If you haven’t seen it before, Forbidden Love: The Unashamed Stories of Lesbian Lives is a 1992 Canadian documentary by Lynne Fernie and Aerlyn Weissman that traces a connection between lesbian pulp fiction of the 1940s and ’50s and stories about real-life lesbians living in the time period. It’s a critically acclaimed film as well as an important historical document, but it’s also in danger of disappearing forever. Enter the Canadian Lesbian and Gay Archives, whose exhibit Public Sins/Private Desires: Tracing Lesbian Lives in the Archives, 1950–1980 opened on June 22.
“The show started because Lynne Fernie went to one of our archivists,” explains Karen Stanworth, a York University professor and the exhibit’s curator, “and said it was the 20th anniversary of Forbidden Love this year and was there something the archives could do to help bring attention to the documentary? Because it only exists on VHS, and she wants to get it made into a DVD, but in order to do that, she has to get the NFB to renew all the music permissions, which will cost $20,000. So, there has to be a demonstration of interest in this material.”
To help drum up this interest, Stanworth and CLGA have assembled a huge amount of material, including cover art and excerpts from vintage lesbian pulp fiction, production photos and ephemera from Forbidden Love, and newly collected oral testimonies from Toronto lesbians. Stanworth helped to organize “a pre-event with some of the ‘older’ lesbians that we knew,” where the CLGA recorded the women’s stories. “They talk about going to the Parkside and the Fly by Night and the Bluebird and all these bars that were temporary, dingy and literally fly-by-night.”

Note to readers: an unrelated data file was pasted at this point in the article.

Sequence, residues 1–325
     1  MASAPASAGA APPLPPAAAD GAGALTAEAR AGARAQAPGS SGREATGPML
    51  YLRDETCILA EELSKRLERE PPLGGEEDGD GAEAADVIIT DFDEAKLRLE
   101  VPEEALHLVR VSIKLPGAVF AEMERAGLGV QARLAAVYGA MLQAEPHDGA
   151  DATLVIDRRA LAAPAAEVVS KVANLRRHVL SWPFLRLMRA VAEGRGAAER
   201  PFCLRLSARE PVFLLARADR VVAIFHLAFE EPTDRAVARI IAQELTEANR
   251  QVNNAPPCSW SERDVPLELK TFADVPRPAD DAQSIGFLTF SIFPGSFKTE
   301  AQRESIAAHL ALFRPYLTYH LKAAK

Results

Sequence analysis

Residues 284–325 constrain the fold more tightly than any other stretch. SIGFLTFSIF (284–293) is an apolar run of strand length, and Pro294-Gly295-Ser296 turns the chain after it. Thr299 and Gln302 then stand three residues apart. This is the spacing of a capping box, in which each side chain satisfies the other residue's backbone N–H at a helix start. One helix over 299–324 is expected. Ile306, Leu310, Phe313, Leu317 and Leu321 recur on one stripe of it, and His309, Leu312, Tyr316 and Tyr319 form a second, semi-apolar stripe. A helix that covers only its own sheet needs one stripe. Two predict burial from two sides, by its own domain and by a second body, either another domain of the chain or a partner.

Beyond being a remember-when for the older crowd, Stanworth insists the stories will be of interest to younger generations: “When we have young people listening to these stories, they’re like, ‘Wow! Oh, my god! It’s such an eye-opener!” For those who’ve grown up in a post-gay-rights world, it might be hard to imagine a time when your sexuality could make you an outlaw and being out at work was impossible. And while many of the testimonies are harrowing and traumatic, there are aspects of the world these women lived in that we could probably learn something from today.
“Many of these women had relationships with gay men, of varying sorts,” Stanworth says. “Their lives were much more intertwined than we often think of them now. They would go to bars with each other so they could dance with their girlfriends and boyfriends. But then they’d sit down at the table with two guys and two girls, so if there was a raid, they were safe.”
One of the most iconic aspects of Forbidden Love is its use of lesbian pulp fiction, a kitschy aesthetic that has had a renaissance in recent years, and Stanworth has made an effort to explore its contradictions. For one thing, the lurid covers often had nothing to do with the stories inside. “The artists didn’t necessarily read the books,” she explains. “They were just trying to sell novels.” Although originally conceived for a straight male audience, many lesbians turned to them because “it was the only place they could read about lesbian love.”
Public Sins/Private Desires sets out to shine a light on what homosexuality meant for a woman’s life in the not-so-distant past and, of course, to celebrate everything Forbidden Love achieved. “This is an important document in lesbian history, in Canadian history, and in sexuality studies across the board.” Let’s hope it finally gets that DVD release.